More links Raphael’s travels in with Amerigo Vespucci’s real life voyages of discovery. He suggests that Raphael is one of the 24 men Vespucci, in his four voyages of 1507, says he left for six months at Cabo Frio, Brazil. Raphael then travels further and finds the island of Utopia, where he spends five years observing the customs of the natives.

http://www.britannica.com/EBchecked/topic/620755/utopia

 

 
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Posted by on October 30, 2012 in Thomas More's Utopia, Uncategorized

 

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A Hero’s Journey: Perseus

The Myth of Perseus

Perseus was the son of Zeus and Danae.  His grandfather, Acrisius, locked up Danae in order to avoid fulfilling the oracle’s prophecy of which his grandson would play a part in his death, keeping her from marriage or having children.  Zeus in the form of a golden shower came down to Danae and swept her off her feet.  She later bore a son.  Acrisius soon found out and in his rage locked the two in a chest and cast them off into the sea.   Eventually they landed on the shores of Seriphus, ruled by king Polydectes.

The Mundane World

Perseus grew into a strong young man on the island of Seriphus.  King Polydectes had his eye on Danae, Perseus’ mother.  Perseus was the only thing in the way of asking Danae’s hand in marriage.  He knew if he wanted Danae, then he would have to find a way to get Perseus out of the picture.

The Call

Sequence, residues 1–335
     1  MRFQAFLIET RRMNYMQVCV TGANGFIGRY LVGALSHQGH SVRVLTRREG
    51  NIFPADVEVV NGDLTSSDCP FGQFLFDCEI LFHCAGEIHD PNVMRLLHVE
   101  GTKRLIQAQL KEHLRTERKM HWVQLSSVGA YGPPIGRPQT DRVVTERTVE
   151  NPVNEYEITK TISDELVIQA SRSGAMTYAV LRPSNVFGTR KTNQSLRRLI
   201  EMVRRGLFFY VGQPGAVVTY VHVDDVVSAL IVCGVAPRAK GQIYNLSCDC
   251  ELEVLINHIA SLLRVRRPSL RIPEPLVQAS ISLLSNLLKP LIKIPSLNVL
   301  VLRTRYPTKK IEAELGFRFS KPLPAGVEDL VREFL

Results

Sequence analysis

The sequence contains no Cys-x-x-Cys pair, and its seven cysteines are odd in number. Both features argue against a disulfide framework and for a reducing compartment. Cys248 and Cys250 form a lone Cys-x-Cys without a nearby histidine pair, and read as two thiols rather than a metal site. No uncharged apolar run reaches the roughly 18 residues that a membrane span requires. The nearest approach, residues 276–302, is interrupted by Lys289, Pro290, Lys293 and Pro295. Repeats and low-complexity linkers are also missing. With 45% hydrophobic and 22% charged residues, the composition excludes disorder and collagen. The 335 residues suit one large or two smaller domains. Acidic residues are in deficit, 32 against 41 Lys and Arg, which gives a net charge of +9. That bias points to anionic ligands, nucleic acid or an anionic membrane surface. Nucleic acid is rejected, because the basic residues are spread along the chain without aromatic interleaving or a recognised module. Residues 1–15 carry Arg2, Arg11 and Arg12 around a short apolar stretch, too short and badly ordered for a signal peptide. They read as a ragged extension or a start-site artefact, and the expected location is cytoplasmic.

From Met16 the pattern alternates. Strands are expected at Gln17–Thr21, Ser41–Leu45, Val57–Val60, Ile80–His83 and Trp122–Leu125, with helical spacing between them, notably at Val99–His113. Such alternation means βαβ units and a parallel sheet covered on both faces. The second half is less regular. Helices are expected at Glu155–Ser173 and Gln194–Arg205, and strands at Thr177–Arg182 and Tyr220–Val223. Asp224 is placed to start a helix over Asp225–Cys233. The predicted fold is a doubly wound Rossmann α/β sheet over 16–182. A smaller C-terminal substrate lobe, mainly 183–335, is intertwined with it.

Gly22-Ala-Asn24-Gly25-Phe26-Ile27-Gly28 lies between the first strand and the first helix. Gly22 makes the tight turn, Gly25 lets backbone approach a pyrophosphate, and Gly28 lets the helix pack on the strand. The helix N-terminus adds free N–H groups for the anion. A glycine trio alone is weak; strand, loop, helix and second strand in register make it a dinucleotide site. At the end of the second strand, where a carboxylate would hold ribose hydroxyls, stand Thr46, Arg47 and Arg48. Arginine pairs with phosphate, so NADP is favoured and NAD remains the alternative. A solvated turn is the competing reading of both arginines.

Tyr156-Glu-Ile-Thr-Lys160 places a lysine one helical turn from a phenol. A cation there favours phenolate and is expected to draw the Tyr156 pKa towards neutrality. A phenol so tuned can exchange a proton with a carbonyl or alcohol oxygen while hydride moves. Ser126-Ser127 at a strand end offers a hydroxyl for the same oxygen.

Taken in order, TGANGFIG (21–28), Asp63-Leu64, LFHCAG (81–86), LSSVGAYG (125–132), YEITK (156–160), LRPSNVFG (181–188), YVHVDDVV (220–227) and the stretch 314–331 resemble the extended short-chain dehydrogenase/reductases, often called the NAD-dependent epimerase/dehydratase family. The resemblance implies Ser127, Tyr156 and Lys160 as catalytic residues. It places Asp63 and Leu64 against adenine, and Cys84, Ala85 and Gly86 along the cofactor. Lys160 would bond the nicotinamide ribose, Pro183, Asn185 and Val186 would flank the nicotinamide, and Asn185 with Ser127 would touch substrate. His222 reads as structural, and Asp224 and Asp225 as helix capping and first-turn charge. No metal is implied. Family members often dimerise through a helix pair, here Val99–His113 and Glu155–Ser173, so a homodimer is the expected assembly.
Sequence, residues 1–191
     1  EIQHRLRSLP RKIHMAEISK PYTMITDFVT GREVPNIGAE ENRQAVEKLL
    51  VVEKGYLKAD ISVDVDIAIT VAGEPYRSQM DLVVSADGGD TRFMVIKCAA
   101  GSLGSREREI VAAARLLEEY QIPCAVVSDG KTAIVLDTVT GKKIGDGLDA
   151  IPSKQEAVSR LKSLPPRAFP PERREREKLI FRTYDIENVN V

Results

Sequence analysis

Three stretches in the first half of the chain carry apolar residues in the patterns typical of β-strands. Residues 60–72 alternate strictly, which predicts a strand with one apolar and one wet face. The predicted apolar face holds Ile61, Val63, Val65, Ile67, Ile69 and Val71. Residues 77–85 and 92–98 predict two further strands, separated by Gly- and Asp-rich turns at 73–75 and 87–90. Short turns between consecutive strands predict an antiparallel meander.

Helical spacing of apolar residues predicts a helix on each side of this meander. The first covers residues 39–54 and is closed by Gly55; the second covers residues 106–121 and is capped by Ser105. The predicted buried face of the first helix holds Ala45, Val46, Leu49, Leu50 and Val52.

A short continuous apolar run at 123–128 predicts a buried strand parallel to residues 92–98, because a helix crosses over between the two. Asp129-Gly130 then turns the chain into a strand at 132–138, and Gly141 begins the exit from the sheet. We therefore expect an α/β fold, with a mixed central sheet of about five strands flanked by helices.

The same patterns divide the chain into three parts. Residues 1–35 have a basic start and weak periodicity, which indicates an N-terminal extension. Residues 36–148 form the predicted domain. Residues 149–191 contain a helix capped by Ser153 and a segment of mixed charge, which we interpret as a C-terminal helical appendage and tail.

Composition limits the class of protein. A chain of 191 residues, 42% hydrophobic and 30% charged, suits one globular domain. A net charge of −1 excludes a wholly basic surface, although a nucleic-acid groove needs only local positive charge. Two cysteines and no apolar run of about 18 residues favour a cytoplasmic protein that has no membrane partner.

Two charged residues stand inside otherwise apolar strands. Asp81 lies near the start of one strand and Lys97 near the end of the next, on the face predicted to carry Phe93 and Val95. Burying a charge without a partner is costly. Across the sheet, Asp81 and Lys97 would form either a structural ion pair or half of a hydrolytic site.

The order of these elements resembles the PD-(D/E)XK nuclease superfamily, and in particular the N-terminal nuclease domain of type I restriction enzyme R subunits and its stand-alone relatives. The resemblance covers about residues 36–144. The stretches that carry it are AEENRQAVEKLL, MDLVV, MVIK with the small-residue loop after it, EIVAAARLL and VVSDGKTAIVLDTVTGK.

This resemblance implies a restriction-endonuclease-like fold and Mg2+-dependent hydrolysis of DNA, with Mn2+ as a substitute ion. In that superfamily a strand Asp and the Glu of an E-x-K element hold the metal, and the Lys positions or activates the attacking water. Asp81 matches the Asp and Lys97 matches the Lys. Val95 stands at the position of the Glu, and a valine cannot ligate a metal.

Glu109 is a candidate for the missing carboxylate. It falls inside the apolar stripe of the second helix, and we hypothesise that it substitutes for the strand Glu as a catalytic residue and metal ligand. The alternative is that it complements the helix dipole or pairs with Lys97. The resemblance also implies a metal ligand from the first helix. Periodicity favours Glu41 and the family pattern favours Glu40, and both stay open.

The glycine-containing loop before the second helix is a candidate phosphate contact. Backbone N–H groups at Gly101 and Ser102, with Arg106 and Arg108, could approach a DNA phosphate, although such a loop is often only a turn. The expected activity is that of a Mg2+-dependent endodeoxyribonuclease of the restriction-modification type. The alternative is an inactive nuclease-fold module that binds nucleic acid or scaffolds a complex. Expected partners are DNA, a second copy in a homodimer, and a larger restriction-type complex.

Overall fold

King Polydectes threw a fake wedding party for himself and a lady called Hippodameia.  He asked all his friends, including Perseus, to bring a gift for him to win the heart of Hippodameia.  When Perseus arrived without a gift, he boasted to Polydectes that he could give him anything he wants in the world.  The king then told him he wanted the head of the gorgon Medusa (lady with snakes for hair, bronze hands, wings and tusks).  Perseus accepts the difficult challenge.

Crossing the Threshold

After wandering for days with no idea where to start, Hermes and Athena visit him.  They give him a brass shield and explain that he needs to seek out the three Graeae (hag sisters who share an eye and a tooth).  These sisters could tell Perseus where he could find the equipment necessary to fight the gorgons.  When Perseus reaches the cave of the Graeae he hides in a bush and watches them.  Then he jumps out, stealing their beloved… eyeball and black mails them into telling him the location of the Nymphai (three nymphs that have the legendary equipment).  Perseus has now officially started his journey into the world of mythological gods and creatures.